Stewart Blog Article

How to Prepare for Closing on Your Home

Published on: February 23, 2022




Buyer’s Perspective

Your home buying journey is almost complete. You’ve gone through all the necessary preliminary steps, like having the seller accept your offer and completing a home inspection. What’s next?

Your closing is an essential final step to receiving the keys to your new home. This day, you will sign the necessary documents that transfer property ownership to you and pay your closing costs and any other necessary taxes and fees. Depending on the city in which your property resides, your closing process may operate a little different. It could take place in either in a local Stewart Title office, with one of our Stewart Trusted Providers™,  or at a location of your choosing. You may sign your documents digitally or wet sign with a pen and paper.

As your closing day approaches, confirm with your local Stewart office what the process will be like and what you need to prepare. Confirm your schedule in advance with your real estate agent and confirm the items to bring. Here are some common things and documents to prepare for closing:

  • Photo ID
  • A cashier’s check to pay for closing costs, if you are not wiring funds. Note that typically, you cannot use a personal check for this. If you choose to wire your closing funds, be sure to verify wiring instructions verbally with the office beforehand. Never rely on wiring instructions given by email.
  • Closing disclosure form from your lender, this is provided by your lender at least 3 business days prior to closing
  • Proof of homeowner’s insurance. You can select a policy from several major insurance providers, Stewart Insurance

Seller’s Perspective

As the seller, you have relatively little to do at this point. Avoid common glitches by keeping ahead of progress on both sides.

Be aware if the buyer is having trouble getting a loan on the terms specified in the contract. If they are turned down, it could jeopardize the whole deal and your house could be put back on the market. A day or so before closing, make sure all the necessary papers and documents have been gathered and are in the hands of the right parties.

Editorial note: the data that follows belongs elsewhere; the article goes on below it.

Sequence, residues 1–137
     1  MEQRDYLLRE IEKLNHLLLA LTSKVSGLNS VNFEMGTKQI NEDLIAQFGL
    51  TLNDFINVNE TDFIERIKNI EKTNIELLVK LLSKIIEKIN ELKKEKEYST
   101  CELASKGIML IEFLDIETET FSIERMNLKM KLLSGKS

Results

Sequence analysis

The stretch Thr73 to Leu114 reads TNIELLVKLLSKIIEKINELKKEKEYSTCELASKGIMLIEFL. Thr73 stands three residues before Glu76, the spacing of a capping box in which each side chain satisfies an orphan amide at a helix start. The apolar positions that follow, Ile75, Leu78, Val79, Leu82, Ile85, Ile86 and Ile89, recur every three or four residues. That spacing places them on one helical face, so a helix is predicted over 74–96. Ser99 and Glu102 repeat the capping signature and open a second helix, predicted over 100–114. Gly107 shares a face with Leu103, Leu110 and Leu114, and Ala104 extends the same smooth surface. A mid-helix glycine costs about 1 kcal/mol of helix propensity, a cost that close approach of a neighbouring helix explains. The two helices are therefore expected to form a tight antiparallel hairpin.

Things can go wrong. Documents can be misplaced, delayed or lost. However, common last-minute difficulties can be avoided.

Parties who should be present at closing need to be informed of any change in the date, time or place. They should be reminded a week before closing and again the day before.

Everyone named on the deed under which you hold title must sign the new deed by which you grant title.

Know when and how you will be paid. Don't expect to walk away from the settlement table with a check in hand.

If you are buying another property, consider having both closings at the same office scheduled back-to-back. That way, the timing of the disbursement is not a problem. You sign a paper authorizing the title company or attorney to assign the funds from sale to purchase.

Here are the items and documents to prepare for closing:

  • Photo ID
  • A copy of the sales contract and documentation showing that any contingencies have been removed or satisfied
  • All documents needed to complete the transfer of title; this may include certificate of title, deed, correcting affidavits, quitclaim deeds, survey and title insurance policy
  • Prorations for ongoing expenses, such as insurance premiums, property taxes, accrued interest on assumed loans and utilities (if not shut off between owners)
  • Receipts showing payment of the latest water, electric and gas bills
  • A certificate from your lender indicating the mortgage balance and the date to which interest has been prepaid

Interested in learning more about the buying and selling process?